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Dating/Intimate Partner Abuse

What is Dating Partner Abuse?

Domestic violence – dating partner abuse, intimate partner violence, dating abuse, and domestic abuse — while this type of violence comes with many names, they all have something in common. They are about power and control. One person having the power and control over another. Sometimes the abuse takes place in the context of a romantic relationship and sometimes it takes place in a familial relationship.

parter-abuseFor many people this type of abuse starts out very slowly; it simply feels like something is wrong in your relationship. It’s important to realize that it’s not always physical in the beginning, and even when it is physical; it seldom starts with broken bones. However, whether physical violence happens once a week, or once a year, it’s still violence and doesn’t belong in a healthy relationship.

Domestic violence affects men, women, teen girls and boys, in both a heterosexual and homosexual relationships. Domestic violence may consist of one or more forms, including emotional, psychological, physical, sexual, or economic abuse and is defined as one person in an intimate relationship using any means to control the other.

If you would like a confidential ear to help you evaluate a situation in your relationship, call SafeNet 814-455-1774 or the crisis hotline 814-454-8161.

TYPES OF ABUSE

  • Types of domestic abuse include physical, verbal (also called emotional, mental, or psychological abuse), sexual, and economic/financial. Stalking and cyber-stalking are also forms of domestic violence.
  • Physical violence includes assault of any kind, ranging from pinching or pushing to choking, shooting, stabbing, and murder.
  • Verbal, emotional, mental, or psychological abuse is described as using words to criticize, demean, or otherwise decrease the confidence of the victim.
  • Sexual abuse refers to any behavior that uses sex as the weapon for power and control or where sex is used to demean the victim. It can sometimes be used to intimidate the victim into engaging in unsafe sex or sexual practices in which he or she does not want to participate.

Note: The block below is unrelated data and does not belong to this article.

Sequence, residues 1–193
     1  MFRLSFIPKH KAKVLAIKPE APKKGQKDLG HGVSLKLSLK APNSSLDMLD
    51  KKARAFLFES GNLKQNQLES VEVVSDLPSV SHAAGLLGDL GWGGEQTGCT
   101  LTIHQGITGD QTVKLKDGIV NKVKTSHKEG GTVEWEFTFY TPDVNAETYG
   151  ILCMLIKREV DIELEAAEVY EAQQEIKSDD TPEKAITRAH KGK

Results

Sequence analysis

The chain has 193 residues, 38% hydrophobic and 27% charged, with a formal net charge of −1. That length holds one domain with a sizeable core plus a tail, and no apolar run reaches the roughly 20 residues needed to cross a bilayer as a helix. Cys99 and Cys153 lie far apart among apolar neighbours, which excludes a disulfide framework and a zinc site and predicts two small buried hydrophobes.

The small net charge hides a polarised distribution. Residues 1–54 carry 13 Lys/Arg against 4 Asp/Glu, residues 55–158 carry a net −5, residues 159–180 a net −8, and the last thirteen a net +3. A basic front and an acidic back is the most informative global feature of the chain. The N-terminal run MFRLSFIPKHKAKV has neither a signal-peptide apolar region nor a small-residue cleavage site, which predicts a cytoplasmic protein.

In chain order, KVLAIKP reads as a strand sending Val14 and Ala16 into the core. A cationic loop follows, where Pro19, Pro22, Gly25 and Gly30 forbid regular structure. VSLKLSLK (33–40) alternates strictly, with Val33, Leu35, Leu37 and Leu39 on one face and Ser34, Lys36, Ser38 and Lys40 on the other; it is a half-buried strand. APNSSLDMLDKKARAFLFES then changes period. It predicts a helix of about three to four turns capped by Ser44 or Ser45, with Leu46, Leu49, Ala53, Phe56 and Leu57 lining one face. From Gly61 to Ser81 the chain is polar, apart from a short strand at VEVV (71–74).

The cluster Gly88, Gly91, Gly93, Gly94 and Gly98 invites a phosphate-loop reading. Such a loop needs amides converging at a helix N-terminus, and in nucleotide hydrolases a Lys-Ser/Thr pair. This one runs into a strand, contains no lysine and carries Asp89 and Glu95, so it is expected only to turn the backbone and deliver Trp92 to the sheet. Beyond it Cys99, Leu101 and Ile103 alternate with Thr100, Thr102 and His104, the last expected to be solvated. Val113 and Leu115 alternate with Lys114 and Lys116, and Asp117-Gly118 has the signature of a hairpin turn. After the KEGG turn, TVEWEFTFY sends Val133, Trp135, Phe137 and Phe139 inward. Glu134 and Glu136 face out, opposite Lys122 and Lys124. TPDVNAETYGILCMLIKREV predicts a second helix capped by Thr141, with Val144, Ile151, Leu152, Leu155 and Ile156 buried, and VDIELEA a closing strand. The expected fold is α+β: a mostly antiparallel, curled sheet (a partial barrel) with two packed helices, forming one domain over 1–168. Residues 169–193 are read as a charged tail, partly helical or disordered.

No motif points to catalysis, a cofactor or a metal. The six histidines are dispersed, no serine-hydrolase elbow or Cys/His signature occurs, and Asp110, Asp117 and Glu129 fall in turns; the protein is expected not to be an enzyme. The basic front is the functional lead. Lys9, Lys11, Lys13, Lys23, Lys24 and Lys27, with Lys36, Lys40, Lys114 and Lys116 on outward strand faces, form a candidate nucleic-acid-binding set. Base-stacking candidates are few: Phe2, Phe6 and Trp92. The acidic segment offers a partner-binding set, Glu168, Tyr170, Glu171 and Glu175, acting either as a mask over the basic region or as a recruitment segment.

• Economic or financial abuse is described as limiting the victim’s financial freedom or security.
  • Abusive people often use multiple forms of abuse to break down the victim’s self-esteem, keeping them in the abusive situation.

IS DOMESTIC VIOLENCE THAT COMMON?

  • Domestic violence is a major public-health problem in that it affects millions of people and often results in physical and emotional injuries and even deaths. One in three women can expect to be the victim of intimate partner violence sometime in their lifetime. About 25% of gay, lesbian, bisexual, and transgender (LGBTQI) individuals are victims of intimate partner abuse, just as often as are heterosexual women.

CYCLE OF VIOLENCE

  • There tends to be a cycle of behavior, known as the cycle of violence, in abusive adult relationships. That cycle includes the tension-building, explosive, and tranquility/honeymoon stages. The tension-building stage is described as the phase of the abusive relationship in which the abuser tends to engage in lower-level abuse, like pushing, insulting, and escalating demands for control. Simultaneously, the victim of abuse tends to try to appease the abuser in an effort to avoid worsening of the abuse. Acts of abuse escalate to a severe level during the explosive stage of intimate partner violence, manifesting as the most overt and serious acts of abuse and control. This includes slapping, punching, rape, or inhibiting the movements of the victim. The tranquility or honeymoon stage of the cycle of domestic violence tends to immediately follow the overt acts of aggression of the explosive stage and is usually characterized by the abuser seeming to be quite remorseful and apologetic for the abuse, making promises that it will never happen again and showering the victim with affection.

For additional information on violence in partner/familial relationships contact SafeNet at 814-455-1774 or the crisis hotline at 814-454-8161.

Other Resources:

http://www.thehotline.org/

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